These methods are best for men, women, and couples who feel certain they do not want to have children in the future. They include vasectomy and tubal ligation. These procedures can sometimes be reversed if a pregnancy is desired at a later time. However, the success rate for reversal is not high.

BIRTH CONTROL METHODS THAT DO NOT WORK VERY WELL

  • Withdrawal of the penis from the vagina before ejaculation can still result in pregnancy. Some semen often escapes before full withdrawal. It can be enough to cause a pregnancy.
  • Douching shortly after sex is not likely to work. The sperm can make their way past the cervix within 90 seconds. Douching is never recommended because it can cause infections in the uterus and tubes.
  • Breastfeeding: Despite the myths, women who are breastfeeding can become pregnant.
The cervical cap

The cervical cap is a flexible rubber cup-like device that is filled with spermicide and self-inserted over the cervix prior to intercourse. The device is left in place several hours after intercourse. The cap is a prescribed device fitted by a health care professional and is more expensive than other barrier methods such as condoms.

The diaphragm

The diaphragm is a flexible rubber cup that is filled with spermicide and self-inserted over the cervix prior to intercourse. The device is left in place several hours after intercourse. The diaphragm is a prescribed device fitted by a health care professonal and is more expensive than other barrier methods such as condoms.

The female condom

The female condom, like the male condom, is a barrier contraceptive made of latex or polyurethane. The condom has a ring on each end. The ring that is placed inside the vagina fits over the cervix, while the other ring, which is open, rests outside of the vagina and covers the vulva. The female condom is sold over-the-counter.

Intrauterine device

The intrauterine device shown uses copper as the active contraceptive, others use progesterone in a plastic device. IUDs are very effective at preventing pregnancy (less than 2% chance per year for the progesterone IUD, less than 1% chance per year for the copper IUD). IUDs come with increased risk of ectopic pregnancy and perforation of the uterus and do not protect against sexually transmitted disease. IUDs are prescribed and placed by health care providers.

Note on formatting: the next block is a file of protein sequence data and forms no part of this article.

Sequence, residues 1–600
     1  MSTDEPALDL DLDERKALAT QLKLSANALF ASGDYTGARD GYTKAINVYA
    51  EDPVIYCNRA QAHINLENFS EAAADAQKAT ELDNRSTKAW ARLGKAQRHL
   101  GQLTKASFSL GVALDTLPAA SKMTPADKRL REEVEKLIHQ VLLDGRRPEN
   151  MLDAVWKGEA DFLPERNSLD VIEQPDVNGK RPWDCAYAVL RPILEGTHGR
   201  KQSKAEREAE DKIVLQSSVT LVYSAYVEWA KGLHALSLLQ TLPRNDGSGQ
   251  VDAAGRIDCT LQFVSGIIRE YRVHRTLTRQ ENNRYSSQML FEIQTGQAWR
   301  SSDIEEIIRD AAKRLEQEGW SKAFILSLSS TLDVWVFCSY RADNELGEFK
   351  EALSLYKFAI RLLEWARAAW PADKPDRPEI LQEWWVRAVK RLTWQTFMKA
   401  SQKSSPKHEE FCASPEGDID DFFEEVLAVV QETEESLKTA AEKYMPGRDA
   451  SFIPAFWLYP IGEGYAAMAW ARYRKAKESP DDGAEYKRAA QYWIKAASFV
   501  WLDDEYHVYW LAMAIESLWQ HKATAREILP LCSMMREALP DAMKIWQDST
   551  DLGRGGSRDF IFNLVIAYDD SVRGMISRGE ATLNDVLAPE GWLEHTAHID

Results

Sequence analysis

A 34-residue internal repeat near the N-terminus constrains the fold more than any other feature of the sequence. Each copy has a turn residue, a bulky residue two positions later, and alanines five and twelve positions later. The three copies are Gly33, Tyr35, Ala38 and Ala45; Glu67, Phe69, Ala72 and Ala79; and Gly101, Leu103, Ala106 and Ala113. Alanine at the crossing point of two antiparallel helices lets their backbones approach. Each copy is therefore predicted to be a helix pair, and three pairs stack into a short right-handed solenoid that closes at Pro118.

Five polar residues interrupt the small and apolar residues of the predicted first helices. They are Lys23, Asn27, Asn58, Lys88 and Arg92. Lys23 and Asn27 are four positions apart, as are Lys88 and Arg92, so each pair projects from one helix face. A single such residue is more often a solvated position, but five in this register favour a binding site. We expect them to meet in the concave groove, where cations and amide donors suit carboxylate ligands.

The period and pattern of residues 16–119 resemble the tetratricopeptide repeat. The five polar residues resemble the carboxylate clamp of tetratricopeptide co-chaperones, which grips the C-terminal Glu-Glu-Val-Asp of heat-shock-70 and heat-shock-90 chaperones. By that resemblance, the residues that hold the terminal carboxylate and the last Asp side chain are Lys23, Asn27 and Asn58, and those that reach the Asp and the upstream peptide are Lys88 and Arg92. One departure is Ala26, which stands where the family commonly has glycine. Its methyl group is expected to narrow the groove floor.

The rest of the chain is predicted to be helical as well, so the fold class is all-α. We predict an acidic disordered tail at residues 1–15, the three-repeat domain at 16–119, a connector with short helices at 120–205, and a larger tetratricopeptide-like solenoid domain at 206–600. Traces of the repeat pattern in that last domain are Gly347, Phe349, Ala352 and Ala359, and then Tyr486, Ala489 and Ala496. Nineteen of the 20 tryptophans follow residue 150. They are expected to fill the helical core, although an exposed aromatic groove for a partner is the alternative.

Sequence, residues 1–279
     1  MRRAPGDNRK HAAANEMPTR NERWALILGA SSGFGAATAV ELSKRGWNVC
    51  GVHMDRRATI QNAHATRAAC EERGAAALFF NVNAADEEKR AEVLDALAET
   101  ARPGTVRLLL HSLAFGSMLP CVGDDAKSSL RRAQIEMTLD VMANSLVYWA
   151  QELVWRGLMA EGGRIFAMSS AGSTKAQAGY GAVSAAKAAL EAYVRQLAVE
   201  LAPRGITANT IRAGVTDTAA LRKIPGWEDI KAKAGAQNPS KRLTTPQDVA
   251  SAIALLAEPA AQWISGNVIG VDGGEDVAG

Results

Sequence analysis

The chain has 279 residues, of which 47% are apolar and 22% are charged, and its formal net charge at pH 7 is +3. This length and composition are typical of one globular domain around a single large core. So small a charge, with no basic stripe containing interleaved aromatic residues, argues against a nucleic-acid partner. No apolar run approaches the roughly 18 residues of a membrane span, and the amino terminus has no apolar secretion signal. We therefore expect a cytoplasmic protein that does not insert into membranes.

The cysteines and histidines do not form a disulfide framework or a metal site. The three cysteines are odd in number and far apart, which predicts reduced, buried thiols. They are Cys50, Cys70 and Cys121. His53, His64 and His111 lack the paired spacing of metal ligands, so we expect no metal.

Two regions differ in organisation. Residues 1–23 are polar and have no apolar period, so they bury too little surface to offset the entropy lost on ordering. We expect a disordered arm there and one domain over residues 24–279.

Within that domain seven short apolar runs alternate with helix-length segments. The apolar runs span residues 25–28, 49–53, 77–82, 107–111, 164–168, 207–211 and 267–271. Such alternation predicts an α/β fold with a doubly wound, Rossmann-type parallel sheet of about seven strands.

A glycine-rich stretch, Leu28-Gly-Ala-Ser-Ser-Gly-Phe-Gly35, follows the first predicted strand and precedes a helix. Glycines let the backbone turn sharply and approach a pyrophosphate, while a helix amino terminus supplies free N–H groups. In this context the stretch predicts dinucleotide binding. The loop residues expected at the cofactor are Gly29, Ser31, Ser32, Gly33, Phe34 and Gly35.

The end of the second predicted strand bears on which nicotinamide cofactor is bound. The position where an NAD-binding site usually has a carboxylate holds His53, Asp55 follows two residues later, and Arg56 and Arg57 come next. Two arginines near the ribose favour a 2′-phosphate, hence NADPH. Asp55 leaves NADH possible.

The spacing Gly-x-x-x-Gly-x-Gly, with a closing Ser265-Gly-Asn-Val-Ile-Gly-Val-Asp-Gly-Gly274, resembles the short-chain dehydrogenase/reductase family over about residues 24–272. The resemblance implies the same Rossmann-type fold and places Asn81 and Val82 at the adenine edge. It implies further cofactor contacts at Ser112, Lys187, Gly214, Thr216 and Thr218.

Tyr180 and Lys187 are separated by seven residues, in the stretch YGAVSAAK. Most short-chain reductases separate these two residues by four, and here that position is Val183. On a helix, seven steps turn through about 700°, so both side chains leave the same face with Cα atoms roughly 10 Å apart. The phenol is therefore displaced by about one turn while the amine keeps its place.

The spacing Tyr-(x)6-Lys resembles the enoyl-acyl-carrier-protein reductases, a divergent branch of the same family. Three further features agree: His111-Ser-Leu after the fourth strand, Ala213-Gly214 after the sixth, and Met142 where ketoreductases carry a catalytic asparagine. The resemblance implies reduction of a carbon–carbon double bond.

Side sectional view of female reproductive system

The female reproductive system includes the vagina, cervix, and uterus shown here in cut section.

The male condom

The male condom is a barrier contraceptive made of latex or polyurethane. The condom must be fitted over the erect penis. The condom is sold over-the-counter and when used properly is an inexpensive, effective barrier to pregnancy and sexually-transmitted disease.

Hormone-based contraceptives

The pill works in several ways to prevent pregnancy. The pill suppresses ovulation so that an egg is not released from the ovaries, and changes the cervical mucus, causing it to become thicker and making it more difficult for sperm to swim into the womb. The pill also does not allow the lining of the womb to develop enough to receive and nurture a fertilized egg. This method of birth control offers no protection against sexually-transmitted diseases.

Tubal ligation

Surgical sterilization which permanently prevents the transport of the egg to the uterus by means of sealing the fallopian tubes is called tubal ligation, commonly called having one's tubes tied. This operation can be performed laparoscopically or in conjunction with a Cesarean section, after the baby is delivered. Tubal ligation is considered permanent but reversals can be done in many cases.

Vaginal ring

The vaginal ring is a flexible ring about 2 inches in diameter that is inserted into the vagina. It releases progestin and estrogen into the body to avoid pregnancy. The woman inserts it herself and it stays in the vagina for 3 weeks. Then, she takes it out for one week to have her period. Like other hormone methods, a prescription from a doctor is required.

Barrier methods of birth control - Series

During a normal monthly cycle, one of a woman's ovaries will produce a mature egg that will travel through the fallopian tube into the uterus. If sperm fertilizes this egg, the egg will attach itself to the uterine wall and begin developing into a fetus.

Before and after vasectomy

Vasectomy is a simple procedure that is very effective in preventing pregnancy. Men usually have no side effects from vasectomy, and no change in sexual performance or function. Some men will feel sore for a few days, but pain can be relieved by analgesics and an ice pack.

Tubal ligation - uterine anatomy

The ovaries are connected to the uterus by the uterine tubes (fallopian tubes). The egg travels through the tube to the uterus.

Birth control pill - series - Normal female anatomy

The internal female reproductive organs include the uterus, ovaries, cervix and vagina. These organs are necessary to produce a successful pregnancy. To prevent pregnancy, birth control pills affect how these organs normally function.